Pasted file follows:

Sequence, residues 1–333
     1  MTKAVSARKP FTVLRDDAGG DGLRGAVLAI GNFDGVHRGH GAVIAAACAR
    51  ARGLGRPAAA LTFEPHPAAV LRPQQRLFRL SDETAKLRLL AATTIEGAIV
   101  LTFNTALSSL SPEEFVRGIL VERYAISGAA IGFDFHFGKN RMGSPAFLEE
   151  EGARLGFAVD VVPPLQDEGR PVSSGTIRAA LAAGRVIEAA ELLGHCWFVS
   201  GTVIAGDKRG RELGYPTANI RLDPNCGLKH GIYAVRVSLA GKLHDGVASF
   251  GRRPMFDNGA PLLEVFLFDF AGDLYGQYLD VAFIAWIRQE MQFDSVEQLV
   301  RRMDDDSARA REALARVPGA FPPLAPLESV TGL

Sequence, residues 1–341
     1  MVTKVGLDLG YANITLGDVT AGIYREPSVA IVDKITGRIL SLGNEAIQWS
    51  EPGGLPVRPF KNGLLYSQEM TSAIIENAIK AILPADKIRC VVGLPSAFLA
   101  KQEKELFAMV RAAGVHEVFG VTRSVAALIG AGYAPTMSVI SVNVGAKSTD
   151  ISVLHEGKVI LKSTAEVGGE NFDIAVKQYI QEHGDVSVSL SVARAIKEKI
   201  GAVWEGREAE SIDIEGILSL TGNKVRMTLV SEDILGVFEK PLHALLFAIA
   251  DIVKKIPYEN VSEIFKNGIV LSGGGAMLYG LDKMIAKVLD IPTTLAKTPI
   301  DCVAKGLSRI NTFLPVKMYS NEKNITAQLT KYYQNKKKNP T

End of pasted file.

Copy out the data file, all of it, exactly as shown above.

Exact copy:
Sequence, residues 1–333
     1  MTKAVSARKP FTVLRDDAGG DGLRGAVLAI GNFDGVHRGH GAVIAAACAR
    51  ARGLGRPAAA LTFEPHPAAV LRPQQRLFRL SDETAKLRLL AATTIEGAIV
   101  LTFNTALSSL SPEEFVRGIL VERYAISGAA IGFDFHFGKN RMGSPAFLEE
   151  EGARLGFAVD VVPPLQDEGR PVSSGTIRAA LAAGRVIEAA ELLGHCWFVS
   201  GTVIAGDKRG RELGYPTANI RLDPNCGLKH GIYAVRVSLA GKLHDGVASF
   251  GRRPMFDNGA PLLEVFLFDF AGDLYGQYLD VAFIAWIRQE MQFDSVEQLV
   301  RRMDDDSARA REALARVPGA FPPLAPLESV TGL

Sequence, residues 1–341
     1  MVTKVGLDLG YANITLGDVT AGIYREPSVA IVDKITGRIL SLGNEAIQWS
    51  EPGGLPVRPF KNGLLYSQEM TSAIIENAIK AILPADKIRC VVGLPSAFLA
   101  KQEKELFAMV RAAGVHEVFG VTRSVAALIG AGYAPTMSVI SVNVGAKSTD
   151  ISVLHEGKVI LKSTAEVGGE NFDIAVKQYI QEHGDVSVSL SVARAIKEKI
   201  GAVWEGREAE SIDIEGILSL TGNKVRMTLV SEDILGVFEK PLHALLFAIA
   251  DIVKKIPYEN VSEIFKNGIV LSGGGAMLYG LDKMIAKVLD IPTTLAKTPI
   301  DCVAKGLSRI NTFLPVKMYS NEKNITAQLT KYYQNKKKNP T